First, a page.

Washington — The Obama administration is sending a high-level delegation to the Pacific Islands to engage governments in the region on climate change, the welfare of Pacific Islanders and U.S. assistance to the region.
Assistant Secretary of State for East Asian and Pacific Affairs Kurt Campbell told reporters June 24 that he and U.S. Pacific Fleet Commander Admiral Patrick Walsh will lead an interagency team from the State Department, the Defense Department and the U.S. Agency for International Development (USAID) on a trip that will take him to Kiribati, Samoa, Tonga, the Solomon Islands, Papua New Guinea, Palau, the Federated States of Micronesia, and the Republic of the Marshall Islands June 26–July 1. The trip will begin with a June 25 stop in Hawaii for a meeting with a Chinese delegation.
“We recognize that the challenges affecting the Pacific, ranging from climate change to endemic poverty, are important to address, and the United States wants to be in the forefront of that effort, bringing together a range of international actors that care about developments there,” Campbell said.
The composition of the delegation underscores “our whole-of-government commitment by the United States to fulfill our moral, strategic and political, and indeed long-standing interests in the Pacific,” he said.
At each stop, the delegation will “articulate specific steps on assistance, on dealing with climate change, on dealing with the welfare of the people of the Pacific Islands,” Campbell said, adding that the United States will also seek to coordinate closely with countries such as Australia and New Zealand that have deep interests in the Pacific.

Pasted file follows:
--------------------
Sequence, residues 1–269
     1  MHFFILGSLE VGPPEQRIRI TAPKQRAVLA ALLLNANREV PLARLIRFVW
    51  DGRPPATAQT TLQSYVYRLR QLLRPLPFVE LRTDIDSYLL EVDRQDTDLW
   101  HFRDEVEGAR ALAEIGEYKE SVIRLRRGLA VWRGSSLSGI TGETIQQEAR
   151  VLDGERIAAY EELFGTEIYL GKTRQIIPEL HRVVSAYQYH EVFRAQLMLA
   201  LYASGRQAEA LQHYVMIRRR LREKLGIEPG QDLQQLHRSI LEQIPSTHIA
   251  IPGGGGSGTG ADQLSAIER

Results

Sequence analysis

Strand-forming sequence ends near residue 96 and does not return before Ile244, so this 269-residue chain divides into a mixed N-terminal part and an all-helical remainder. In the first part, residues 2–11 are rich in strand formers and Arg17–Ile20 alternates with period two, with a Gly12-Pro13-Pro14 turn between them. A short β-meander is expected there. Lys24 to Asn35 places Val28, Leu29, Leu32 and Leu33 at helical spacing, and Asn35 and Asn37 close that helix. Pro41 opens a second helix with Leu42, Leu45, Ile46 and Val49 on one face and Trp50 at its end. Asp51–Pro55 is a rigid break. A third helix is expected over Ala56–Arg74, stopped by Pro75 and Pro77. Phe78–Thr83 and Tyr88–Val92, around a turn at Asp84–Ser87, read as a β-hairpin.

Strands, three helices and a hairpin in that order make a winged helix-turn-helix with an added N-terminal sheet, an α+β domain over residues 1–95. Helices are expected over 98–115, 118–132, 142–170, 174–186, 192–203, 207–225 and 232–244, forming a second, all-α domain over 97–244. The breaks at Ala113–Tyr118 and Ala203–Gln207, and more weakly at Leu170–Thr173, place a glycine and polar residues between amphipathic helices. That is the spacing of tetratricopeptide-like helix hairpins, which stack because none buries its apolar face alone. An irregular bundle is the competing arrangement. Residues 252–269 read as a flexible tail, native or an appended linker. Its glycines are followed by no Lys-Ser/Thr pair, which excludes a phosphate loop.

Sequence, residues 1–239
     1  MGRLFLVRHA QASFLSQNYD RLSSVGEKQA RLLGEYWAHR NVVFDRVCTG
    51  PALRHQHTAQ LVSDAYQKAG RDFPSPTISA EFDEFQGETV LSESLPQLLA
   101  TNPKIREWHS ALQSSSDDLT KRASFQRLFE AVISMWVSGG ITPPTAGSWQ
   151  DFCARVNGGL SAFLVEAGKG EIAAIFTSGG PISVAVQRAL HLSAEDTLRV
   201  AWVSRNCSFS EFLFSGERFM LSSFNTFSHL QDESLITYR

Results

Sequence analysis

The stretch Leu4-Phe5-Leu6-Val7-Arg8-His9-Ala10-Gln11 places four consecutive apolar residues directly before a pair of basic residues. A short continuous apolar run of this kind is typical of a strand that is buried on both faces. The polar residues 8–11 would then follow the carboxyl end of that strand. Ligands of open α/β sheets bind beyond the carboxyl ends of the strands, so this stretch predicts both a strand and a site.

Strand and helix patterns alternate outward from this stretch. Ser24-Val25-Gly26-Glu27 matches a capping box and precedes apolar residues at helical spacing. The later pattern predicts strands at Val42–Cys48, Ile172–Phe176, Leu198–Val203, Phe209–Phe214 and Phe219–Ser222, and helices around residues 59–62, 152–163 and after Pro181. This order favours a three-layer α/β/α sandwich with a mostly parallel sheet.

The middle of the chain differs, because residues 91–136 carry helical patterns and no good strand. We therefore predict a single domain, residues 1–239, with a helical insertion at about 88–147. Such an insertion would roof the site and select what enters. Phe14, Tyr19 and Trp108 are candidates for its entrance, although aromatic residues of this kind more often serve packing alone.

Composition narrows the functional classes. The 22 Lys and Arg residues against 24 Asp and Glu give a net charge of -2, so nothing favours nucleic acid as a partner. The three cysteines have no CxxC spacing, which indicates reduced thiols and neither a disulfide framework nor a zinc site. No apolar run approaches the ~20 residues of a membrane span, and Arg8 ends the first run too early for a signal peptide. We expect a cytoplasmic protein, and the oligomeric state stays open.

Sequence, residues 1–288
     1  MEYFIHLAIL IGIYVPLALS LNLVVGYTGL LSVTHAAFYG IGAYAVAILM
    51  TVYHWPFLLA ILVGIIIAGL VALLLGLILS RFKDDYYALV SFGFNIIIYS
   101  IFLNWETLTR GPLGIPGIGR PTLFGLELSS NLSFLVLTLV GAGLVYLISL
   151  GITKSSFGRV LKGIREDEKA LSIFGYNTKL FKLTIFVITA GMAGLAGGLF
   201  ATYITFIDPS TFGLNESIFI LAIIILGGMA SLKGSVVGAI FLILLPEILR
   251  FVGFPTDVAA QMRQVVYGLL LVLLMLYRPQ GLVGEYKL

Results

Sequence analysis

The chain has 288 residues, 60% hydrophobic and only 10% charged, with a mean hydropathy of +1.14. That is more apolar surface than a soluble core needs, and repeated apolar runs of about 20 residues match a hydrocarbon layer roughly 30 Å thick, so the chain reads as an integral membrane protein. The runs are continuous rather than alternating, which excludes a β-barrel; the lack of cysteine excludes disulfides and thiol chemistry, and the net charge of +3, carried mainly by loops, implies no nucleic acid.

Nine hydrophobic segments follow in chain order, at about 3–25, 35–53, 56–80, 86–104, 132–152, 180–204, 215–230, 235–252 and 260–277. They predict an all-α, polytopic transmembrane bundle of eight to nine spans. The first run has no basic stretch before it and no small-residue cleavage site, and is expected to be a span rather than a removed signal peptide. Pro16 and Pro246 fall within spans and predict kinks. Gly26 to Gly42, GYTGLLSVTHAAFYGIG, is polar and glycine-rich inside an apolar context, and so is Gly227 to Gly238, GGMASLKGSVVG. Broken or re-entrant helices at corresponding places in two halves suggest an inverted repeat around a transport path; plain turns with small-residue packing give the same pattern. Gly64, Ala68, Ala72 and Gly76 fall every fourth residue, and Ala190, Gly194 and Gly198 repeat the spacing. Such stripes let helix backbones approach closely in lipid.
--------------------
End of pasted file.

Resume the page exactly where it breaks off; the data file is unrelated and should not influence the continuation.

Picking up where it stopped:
Campbell said he and a U.S. team in Honolulu will hold an Asia-Pacific consultation meeting with Chinese representatives as part of the continuing U.S.-China Strategic and Economic Dialogue.
The talks will focus specifically on the Asia-Pacific region, Campbell said, and are designed to “increase transparency, predictability and build trust and confidence” between the United States and China.
The Obama administration wants to ensure that close consultation and dialogue will help both countries move forward with “a greater degree of confidence about developments in the Asian-Pacific region,” he said.
The U.S. team plans to ask specific questions about the direction of Chinese military developments, as well as “their diplomacy with North Korea, with Burma, with other players in the Asia-Pacific region,” Campbell said. “I imagine the Chinese interlocutors will ask us about our plans for force posture, modernization and some of our engagements with our friends and others in the region.”
Campbell said he will also raise the issue of human rights with the Chinese delegation. The United States is pleased with the recent release of the artist Ai Weiwei, but is concerned over what Campbell described as a “trend of forced disappearances, arbitrary arrests and detentions and convictions of public interest lawyers, writers, artists, intellectuals and activists” who are being targeted for “exercising their internationally recognized human rights.”
Asked about the U.S. position on the dispute between China and several of its neighbors over the South China Sea, Campbell said the United States is not taking a position on the sovereignty of the area, but stands for principles such as maintaining “freedom of navigation, and free and unimpeded legal commerce, and the maintenance of peace and stability.”
“The United States has no intention to fan the flames in the South China Sea,” Campbell said. “We want recent tensions to subside and cooler heads to prevail.”